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  • Troy Flanagan

When Things Fail: Taking risks and making mistakes

People

Professional sport is a pressure cooker. People are expected to produce results and are held accountable for the goals and targets that they set. When a team fails or goals are not met, it’s usually the head coach that is held accountable. Performance staff can also be held accountable due to excessively high injury rates, lack of physical performance or general dysfunction in their department. There’s a balance between holding them accountable and giving them the space to experiment, fail, learn and grow.


Teams should play the long game and let the staff develop their knowledge. It takes 2-3 seasons before new support staff really hit their stride, particularly if they are coming into the team from another sport. Their understanding of the sport and it’s requirements always improves. Where possible, existing staff and coaching staff should be generous in helping the support staff understand their sport and some initial leniency for not knowing the intricacies of the sport should be afforded.


The faster you can transition new staff in, the less likely they are to make mistakes. Therefore, they need information and to learn quickly. When onboarding new staff, teams should consider the following:

  1. Walk through player histories and what has worked.

  2. Discuss philosophies - the why.

  3. Provide access to documented procedures and protocols.

  4. Coach and mentor new staff as they experience their exponential learning curve.


Projects

With respect to project work, it is often the case that the first prototype of anything never works. Even some of the most impactful technology projects on performance usually fail first. It is important, therefore, to set expectations early that projects and even new staff will fail first before they succeed.


Some key things that I have learned that helps keep the confidence in new technology prototypes and projects when they initially fail:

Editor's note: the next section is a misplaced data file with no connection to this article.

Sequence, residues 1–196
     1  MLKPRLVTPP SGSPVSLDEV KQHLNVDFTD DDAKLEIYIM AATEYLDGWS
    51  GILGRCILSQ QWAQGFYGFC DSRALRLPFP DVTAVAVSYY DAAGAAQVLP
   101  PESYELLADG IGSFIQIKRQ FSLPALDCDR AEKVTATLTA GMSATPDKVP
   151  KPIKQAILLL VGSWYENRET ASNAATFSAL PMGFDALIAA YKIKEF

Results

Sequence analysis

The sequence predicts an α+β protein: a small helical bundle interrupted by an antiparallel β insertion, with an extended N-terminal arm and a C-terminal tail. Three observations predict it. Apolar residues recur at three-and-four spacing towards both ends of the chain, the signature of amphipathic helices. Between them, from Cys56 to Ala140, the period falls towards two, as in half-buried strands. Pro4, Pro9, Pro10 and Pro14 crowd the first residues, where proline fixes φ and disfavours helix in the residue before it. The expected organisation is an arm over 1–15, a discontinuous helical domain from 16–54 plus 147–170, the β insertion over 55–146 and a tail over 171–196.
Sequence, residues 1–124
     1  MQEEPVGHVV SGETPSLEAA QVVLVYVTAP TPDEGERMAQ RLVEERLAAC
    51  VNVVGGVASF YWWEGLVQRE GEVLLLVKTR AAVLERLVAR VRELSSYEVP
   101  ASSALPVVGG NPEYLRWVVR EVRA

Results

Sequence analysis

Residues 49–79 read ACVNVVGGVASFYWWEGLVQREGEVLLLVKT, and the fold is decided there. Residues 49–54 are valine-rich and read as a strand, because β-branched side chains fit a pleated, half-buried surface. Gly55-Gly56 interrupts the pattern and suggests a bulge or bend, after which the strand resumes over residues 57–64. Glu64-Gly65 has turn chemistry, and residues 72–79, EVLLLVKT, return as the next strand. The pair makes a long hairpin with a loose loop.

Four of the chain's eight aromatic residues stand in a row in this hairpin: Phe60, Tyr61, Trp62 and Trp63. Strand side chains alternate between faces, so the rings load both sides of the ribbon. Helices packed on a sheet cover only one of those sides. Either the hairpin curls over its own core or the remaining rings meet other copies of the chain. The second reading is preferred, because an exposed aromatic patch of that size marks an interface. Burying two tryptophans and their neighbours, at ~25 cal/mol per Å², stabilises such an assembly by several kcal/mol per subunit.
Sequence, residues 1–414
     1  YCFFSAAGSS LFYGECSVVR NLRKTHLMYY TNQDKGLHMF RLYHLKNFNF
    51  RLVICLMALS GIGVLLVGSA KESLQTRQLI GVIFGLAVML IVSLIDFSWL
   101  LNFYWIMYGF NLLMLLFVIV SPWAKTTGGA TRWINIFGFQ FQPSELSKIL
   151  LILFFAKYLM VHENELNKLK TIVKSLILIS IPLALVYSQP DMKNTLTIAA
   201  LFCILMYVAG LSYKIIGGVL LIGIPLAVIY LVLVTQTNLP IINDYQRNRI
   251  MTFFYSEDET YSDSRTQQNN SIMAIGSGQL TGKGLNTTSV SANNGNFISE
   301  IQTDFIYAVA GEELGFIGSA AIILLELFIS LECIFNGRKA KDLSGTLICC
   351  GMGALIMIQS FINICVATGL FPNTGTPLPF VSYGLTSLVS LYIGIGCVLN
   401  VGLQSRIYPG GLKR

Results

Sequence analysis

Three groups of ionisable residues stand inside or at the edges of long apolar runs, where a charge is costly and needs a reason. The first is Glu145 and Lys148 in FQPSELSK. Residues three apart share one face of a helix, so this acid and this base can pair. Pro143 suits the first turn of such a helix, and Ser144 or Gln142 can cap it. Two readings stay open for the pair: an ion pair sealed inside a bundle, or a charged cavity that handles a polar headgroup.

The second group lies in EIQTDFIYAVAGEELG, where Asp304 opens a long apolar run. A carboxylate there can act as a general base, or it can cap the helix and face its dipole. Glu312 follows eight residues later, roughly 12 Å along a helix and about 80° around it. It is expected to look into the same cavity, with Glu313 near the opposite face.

1. Use the technology well in advance - if something is going to be used at a major competition, trial it at a number of lead up competitions. Aim to test technology (full dress rehearsal) at least a year or even two years in advance if you can. This gives you time to adjust.

  2. Educate key people about the likelihood of the first prototype‘s chances of success and the expected number of iterations before the technology will probably work and operate in a robust way.

  3. Build confidence amongst athletes and coaches. Show them the tangible benefits. Athletes are creatures of habit and don’t want to change. You might find a lot of energy is needed to convince athletes that the new technology is better and even to break superstitions.

  4. Gossip can kill a technology project if information is leaked, particularly in sports teams. Be careful who knows the key information.

  5. Almost every good technology project I have been involved with has taken at least three years to full maturity. Educate people around timelines for completion.

In short, don’t just work on the technology. Spend time communicating and managing expectations.

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